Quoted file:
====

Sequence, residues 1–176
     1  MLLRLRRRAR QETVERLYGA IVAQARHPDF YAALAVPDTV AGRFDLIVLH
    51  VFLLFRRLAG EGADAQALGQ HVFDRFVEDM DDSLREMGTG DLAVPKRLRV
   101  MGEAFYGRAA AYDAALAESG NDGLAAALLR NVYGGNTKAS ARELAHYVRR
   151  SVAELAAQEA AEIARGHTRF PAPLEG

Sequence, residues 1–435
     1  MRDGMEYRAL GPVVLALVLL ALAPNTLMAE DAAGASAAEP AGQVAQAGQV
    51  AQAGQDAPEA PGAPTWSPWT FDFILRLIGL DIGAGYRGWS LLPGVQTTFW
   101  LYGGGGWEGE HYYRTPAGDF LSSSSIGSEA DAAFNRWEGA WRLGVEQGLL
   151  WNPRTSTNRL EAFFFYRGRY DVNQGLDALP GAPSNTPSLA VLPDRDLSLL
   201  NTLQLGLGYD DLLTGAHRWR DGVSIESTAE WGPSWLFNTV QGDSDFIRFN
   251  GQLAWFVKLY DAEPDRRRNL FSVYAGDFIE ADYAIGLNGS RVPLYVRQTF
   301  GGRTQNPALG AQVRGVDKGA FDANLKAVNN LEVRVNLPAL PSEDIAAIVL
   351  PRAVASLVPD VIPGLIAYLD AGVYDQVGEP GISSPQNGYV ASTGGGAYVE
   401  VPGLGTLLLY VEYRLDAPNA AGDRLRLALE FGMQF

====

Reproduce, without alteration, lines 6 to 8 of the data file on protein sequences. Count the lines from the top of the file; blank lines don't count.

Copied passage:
Sequence, residues 1–435
     1  MRDGMEYRAL GPVVLALVLL ALAPNTLMAE DAAGASAAEP AGQVAQAGQV
    51  AQAGQDAPEA PGAPTWSPWT FDFILRLIGL DIGAGYRGWS LLPGVQTTFW